This article intends to provide some arguments in favor of the teaching of the religion in the public schools, in the context of the denominated secular states. In this sense, any kind of confessional argument is avoided, including the appeal to agreements between states and churches. Rather, a foundation is sought in the various dimensions of the educational process itself. In this sense, religious education would, in the first place, develop the (self) critical spirit of the students, in relation to their religious or non religious choice; secondly, it would seek to explore the anthropological conceptions that result from religious traditions, and which eventually determine certain ethical and political choices of societies; finally, religious teaching would develop in students the sense of mystery, analogous to the sense of poetics, which is fundamental to a more complete conception of the human. The practical way of articulating these arguments with the current working scheme of the teaching of religion remains an open challenge.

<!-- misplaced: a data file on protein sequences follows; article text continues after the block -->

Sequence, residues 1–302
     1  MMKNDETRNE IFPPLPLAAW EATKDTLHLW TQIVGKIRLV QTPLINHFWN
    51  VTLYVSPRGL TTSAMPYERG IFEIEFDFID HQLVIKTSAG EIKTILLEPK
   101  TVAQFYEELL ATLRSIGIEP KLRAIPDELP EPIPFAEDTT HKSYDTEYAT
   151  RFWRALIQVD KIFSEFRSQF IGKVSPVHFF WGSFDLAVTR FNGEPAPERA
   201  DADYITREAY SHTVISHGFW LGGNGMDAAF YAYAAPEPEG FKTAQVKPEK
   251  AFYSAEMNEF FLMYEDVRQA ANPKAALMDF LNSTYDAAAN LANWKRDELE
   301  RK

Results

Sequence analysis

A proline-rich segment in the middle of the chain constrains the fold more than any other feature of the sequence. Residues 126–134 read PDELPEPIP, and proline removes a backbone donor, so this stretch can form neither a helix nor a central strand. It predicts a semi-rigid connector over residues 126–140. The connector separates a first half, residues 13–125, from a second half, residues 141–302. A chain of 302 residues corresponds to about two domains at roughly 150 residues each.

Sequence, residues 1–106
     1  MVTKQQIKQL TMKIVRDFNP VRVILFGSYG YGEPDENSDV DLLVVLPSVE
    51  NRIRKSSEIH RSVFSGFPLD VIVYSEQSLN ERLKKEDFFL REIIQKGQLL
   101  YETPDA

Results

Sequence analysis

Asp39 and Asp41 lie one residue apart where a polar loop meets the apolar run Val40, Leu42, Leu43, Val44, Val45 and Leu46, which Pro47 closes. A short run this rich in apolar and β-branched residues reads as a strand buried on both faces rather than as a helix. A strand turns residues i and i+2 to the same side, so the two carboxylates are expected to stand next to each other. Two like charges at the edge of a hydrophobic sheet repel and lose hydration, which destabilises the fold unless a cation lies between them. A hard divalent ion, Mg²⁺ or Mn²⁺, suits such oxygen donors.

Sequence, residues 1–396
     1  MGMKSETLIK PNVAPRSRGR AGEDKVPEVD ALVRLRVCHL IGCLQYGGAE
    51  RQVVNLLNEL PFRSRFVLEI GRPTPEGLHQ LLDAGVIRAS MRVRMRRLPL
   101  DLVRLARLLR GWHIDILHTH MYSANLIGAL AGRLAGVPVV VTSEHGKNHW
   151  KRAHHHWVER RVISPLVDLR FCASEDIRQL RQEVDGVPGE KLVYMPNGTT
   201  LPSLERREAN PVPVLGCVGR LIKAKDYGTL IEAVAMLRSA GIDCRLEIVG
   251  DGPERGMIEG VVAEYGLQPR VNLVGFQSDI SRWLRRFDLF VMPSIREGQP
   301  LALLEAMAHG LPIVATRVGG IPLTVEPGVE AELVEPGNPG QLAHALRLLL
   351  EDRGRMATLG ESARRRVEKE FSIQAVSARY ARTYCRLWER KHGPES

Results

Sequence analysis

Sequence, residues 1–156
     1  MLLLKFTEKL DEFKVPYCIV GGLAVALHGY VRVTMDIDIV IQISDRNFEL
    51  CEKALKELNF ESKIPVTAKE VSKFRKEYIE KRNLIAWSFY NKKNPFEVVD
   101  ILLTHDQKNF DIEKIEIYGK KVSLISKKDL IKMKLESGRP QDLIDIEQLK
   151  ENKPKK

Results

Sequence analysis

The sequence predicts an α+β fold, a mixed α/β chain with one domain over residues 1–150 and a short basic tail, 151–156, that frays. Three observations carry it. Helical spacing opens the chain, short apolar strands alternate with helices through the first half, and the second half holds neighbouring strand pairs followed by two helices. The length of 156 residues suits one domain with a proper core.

- Religious education